Stage-discharge rating curves define a unique relation between water level and discharge, enabling continuous derivation of streamflow from water level record. This is important because water level (which is relatively easy to monitor) is only locally relevant whereas discharge (which is relatively difficult to measure directly) is the integral of all runoff processes upstream of the gauge. The vast majority of all streamflow data that has ever been produced is a derived result of a rating curve.
In other words, almost everything that we know (or rather that we think we know) about hydrology is a result of rating curves.
The problem with this paradigm is that there has never been global consensus on best practices for the development and management of rating curves. Assuming stable control features, steady flow, and an abundance of gaugings evenly distributed over the full range of stage and time, then regional differences in methods for rating curve development might be interesting but would probably not be very impactful. However, it is rarely the case that any rating curve problem is fully constrained to reveal a unique solution regardless of approach.
Given that ratings are managed in the real world – not some idealized world of fully predictable hydraulic conditions – it’s curious that there has, historically, been very little interest in the dependency of trillions of dollars’ worth of water resource decisions on the truthfulness of rating curves.
It’s almost like a Stockholm syndrome phenomenon.
Hydrologists, engineers, water resource managers, along with the many other users of flow data are held hostage by their dependence on rating curves. They are grateful to get any data at all and loathe to reject data when there really isn’t any realistic alternative to the status quo.
It is therefore up to the hydrometric community to step up to the challenge of setting standards and developing best practices to ensure that the results of rating curve derivation are, at the very least, consistently meaningful.
It’s not the case that all derived discharge results need to have equally low uncertainty.
However, it is the case that if confidence in the derived result is low that there should be some way of communicating that, under the circumstances, an explicit determination of discharge is not possible. Even when the quantity of flow is uncertain the data may be extremely useful for determining the timing, routing, and relative magnitude of peak events and should certainly inform where some change in the monitoring plan is required to produce better data in the future.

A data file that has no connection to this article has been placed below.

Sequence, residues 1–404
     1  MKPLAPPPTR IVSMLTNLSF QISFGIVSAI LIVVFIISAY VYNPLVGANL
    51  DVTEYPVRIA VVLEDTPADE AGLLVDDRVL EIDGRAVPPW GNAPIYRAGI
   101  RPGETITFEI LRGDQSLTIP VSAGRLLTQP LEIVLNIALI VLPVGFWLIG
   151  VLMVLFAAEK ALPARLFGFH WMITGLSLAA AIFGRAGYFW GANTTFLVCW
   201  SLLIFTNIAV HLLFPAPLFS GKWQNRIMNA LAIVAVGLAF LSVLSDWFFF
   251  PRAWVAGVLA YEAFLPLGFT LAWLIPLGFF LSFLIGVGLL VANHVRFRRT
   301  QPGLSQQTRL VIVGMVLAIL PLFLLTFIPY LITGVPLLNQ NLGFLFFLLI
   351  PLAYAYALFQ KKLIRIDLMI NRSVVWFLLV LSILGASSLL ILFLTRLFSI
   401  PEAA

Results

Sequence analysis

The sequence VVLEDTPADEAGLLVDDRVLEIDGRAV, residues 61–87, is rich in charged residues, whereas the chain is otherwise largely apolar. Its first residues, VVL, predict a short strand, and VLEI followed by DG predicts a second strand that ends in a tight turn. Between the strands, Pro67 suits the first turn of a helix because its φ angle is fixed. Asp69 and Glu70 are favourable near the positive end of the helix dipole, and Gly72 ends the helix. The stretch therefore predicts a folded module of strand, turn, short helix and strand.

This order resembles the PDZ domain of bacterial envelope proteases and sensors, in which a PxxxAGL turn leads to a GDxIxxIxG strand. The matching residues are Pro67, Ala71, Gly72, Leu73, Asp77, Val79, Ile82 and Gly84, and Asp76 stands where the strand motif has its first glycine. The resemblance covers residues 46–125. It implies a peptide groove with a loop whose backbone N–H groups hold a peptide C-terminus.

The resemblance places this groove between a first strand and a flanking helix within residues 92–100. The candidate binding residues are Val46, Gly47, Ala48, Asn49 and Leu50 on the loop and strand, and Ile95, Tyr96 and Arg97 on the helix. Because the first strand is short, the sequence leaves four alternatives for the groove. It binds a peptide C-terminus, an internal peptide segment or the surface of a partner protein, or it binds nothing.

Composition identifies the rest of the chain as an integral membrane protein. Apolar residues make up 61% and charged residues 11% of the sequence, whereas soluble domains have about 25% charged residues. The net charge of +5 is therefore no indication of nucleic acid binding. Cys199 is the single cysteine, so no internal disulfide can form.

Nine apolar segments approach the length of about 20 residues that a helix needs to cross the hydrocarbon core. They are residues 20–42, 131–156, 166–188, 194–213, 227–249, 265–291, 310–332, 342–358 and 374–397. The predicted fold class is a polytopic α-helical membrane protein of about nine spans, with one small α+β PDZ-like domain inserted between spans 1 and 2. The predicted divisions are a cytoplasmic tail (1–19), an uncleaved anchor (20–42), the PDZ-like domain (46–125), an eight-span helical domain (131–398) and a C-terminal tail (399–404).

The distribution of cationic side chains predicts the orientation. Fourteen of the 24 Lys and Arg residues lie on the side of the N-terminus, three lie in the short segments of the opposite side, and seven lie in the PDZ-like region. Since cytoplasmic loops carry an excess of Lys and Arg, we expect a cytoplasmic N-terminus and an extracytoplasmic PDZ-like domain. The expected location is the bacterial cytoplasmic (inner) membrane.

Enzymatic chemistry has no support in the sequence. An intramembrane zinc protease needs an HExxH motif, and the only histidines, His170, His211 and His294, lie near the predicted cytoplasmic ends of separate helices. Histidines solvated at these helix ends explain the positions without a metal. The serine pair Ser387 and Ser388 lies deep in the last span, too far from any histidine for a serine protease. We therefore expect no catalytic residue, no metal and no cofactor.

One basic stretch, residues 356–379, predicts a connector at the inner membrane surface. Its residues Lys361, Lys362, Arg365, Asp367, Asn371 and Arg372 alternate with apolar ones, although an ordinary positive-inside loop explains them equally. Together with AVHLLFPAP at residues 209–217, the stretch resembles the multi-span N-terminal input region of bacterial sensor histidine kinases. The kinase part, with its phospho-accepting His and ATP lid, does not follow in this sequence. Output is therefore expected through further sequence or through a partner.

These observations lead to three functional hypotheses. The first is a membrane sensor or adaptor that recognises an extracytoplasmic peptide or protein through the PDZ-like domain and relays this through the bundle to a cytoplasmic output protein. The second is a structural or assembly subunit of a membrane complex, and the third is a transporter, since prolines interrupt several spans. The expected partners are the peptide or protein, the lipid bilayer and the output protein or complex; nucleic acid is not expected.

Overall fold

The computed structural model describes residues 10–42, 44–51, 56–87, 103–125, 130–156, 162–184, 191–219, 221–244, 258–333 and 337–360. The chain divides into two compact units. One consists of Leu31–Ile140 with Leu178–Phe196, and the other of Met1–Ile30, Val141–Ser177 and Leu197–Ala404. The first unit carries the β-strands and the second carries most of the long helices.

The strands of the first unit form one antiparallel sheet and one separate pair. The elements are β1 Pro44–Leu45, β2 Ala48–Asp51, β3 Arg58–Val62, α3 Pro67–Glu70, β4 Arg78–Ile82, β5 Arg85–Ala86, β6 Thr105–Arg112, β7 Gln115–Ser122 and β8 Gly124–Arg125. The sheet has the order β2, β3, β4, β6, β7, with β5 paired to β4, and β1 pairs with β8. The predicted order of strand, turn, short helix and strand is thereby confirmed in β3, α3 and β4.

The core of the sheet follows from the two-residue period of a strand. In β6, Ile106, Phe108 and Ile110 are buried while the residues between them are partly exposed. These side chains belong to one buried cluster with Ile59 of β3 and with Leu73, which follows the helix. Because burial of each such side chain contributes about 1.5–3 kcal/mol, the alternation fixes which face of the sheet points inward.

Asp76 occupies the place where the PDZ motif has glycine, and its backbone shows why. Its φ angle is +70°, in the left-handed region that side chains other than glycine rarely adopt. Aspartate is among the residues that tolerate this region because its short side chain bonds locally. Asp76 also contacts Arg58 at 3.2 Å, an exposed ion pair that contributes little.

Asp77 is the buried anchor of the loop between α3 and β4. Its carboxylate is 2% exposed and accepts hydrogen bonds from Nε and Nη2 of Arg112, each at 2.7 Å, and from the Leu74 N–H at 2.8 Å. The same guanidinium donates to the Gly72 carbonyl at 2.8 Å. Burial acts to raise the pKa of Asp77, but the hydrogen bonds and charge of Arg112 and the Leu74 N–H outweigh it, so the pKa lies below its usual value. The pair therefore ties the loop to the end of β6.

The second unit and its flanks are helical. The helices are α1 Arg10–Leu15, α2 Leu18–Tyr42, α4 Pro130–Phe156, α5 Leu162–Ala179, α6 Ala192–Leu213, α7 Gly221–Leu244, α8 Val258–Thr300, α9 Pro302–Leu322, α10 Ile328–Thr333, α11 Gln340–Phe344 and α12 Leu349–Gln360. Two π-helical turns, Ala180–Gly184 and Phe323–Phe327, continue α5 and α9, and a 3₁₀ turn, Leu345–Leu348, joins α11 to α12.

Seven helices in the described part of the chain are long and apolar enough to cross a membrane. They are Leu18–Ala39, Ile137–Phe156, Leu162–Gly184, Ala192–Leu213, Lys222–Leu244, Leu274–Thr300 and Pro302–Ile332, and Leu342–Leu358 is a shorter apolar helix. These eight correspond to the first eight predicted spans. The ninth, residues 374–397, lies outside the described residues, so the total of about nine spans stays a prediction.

The New Zealand Hydrological Society is showing leadership in developing a path forward. A ratings workshop in Christchurch on the 11th and 12th of April was motivated, in part, by the publication of the National Environmental Monitoring Standard (NEMS) for the construction of stage-discharge and velocity-index ratings and, in part, by discussions with respect to the International Streamflow Rating Curve Project (ISRCP).
The workshop started with an international perspective of how ratings are managed in the United States, Canada, France, Australia, and New Zealand. The rest of the workshop explored many of the issues that need to be well understood to guide development of a best practice approach. All workshop presentations are available online on the NZHS web site.
This may be the first, but it definitely should not be the last international workshop on ratings.
There is interest in holding a similar workshop in Australia and I will be promoting the idea of North American Stream Hydrographers (NASH) hosting a ratings workshop at the CWRA conference in Lethbridge Alberta in 2017. It would be best if we can also inspire similar workshops in Europe, Asia, South America, and Africa. Please let me know if you would like to be involved with organizing a workshop in your region.
A reliable rating curve is one that is credible, defensible, and minimizes re-work. This paper outlines 5 modern best practices used by highly effective hydrographers. Read whitepaper here.